For those who missed the “Voldemort Wars” between the Chinese and Japanese ambassadors to the UK this past week, China’s ambassador Liu Xiaoming, in a piece in The Telegraph, compared Japan’s militarism to Lord Voldemort — the same He-Who-Shall-Not-Be-Named from the Harry Potter series.
While Dennis Rodman is perhaps the most outlandish celebrity to visit an authoritarian regime, he certainly isn't the first. The former NBA star hosted an exhibition game between North Koreans and former NBA players today. He insists his trip is apolitical, although he has repeatedly professed his fondness for Kim Jong-un, his new “friend for life.”
Judging by 2014's crowded election calendar, this will be a landmark year for democracy. The Economist estimates that an unprecedented 40 percent of the world’s population will have a chance to vote in national polls in 2014. We'll see races in populous countries such as Brazil, Indonesia, the United States, and, most notably, India, where 700 million people are expected to cast ballots in what Fareed Zakaria has called the “largest democratic process in human history.”
The two remaining imprisoned Pussy Riot members were released from prison Monday under Russia’s new amnesty law. The pair slammed the move, and accused President Vladimir Putin of freeing them as a public relations effort meant to smooth out international human rights criticisms ahead of the winter Olympics.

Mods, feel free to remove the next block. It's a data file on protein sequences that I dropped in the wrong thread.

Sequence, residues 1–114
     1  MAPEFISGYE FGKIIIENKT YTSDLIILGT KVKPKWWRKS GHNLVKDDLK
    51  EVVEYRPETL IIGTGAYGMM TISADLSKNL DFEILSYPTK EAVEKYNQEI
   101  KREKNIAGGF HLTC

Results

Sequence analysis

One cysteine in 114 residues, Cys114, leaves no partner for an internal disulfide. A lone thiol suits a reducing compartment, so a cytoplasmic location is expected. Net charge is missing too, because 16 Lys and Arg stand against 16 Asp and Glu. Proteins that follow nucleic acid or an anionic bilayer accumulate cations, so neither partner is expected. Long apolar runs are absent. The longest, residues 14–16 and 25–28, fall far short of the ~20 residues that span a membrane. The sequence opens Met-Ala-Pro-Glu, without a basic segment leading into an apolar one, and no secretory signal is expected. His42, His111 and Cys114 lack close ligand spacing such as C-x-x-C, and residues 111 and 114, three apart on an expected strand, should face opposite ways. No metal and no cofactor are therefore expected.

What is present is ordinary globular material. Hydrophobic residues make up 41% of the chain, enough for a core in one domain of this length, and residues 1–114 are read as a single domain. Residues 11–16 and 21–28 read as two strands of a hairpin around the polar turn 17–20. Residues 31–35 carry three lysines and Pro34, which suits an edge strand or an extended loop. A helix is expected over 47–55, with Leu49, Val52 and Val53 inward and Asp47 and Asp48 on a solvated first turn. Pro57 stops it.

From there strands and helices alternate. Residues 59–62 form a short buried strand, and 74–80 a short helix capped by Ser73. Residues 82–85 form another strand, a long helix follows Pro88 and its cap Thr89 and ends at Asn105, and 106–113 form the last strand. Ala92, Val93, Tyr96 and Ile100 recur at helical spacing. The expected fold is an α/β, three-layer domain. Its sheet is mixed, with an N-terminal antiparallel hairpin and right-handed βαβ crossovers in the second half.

It was an awkward debate for Russia’s dissidents and the Western politicians who support them. Should they thank President Vladimir Putin for the massive amnesty that freed Russia’s most famous political prisoners over the past week? Or was the attempt to whitewash Russia’s record on human rights in time for the Olympic Games in Sochi too brazen to deserve any gratitude?
Rarely covered in the English-speaking press because of its past as a Portuguese colony, the behavior of the government in Angola is becoming increasingly troubling. Crony capitalism isn't rare on the African continent—or indeed anywhere else in the world—but Angola's iteration is particularly extreme. Following a civil war that ran on and off from the nation's independence from Portugal in 1975 all the way to 2002, Angola’s elite—overseen by 71-year old President José Eduardo dos Santos—has fed greedily at a trough of oil and gas.
Diplomats often speak with purposeful ambiguity, to please multiple audiences and to not give away their hand prematurely. But a careful parsing of diplo-speak can offer valuable clues in anticipating future policy moves. In what was billed as a major statement on U.S. policy toward Latin America and the Caribbean, earlier this week Secretary of State John Kerry included four substantive paragraphs on Cuba — which were largely misinterpreted by the U.S. media.
A little caviar and a lot of oil goes a long way. In recent years, Baku has spent millions of dollars to persuade politicians in Europe and the United States that the oil-rich Caucasus country is a reliable partner -- and to distract them from criticism that the country is authoritarian and fails to respect fundamental human rights.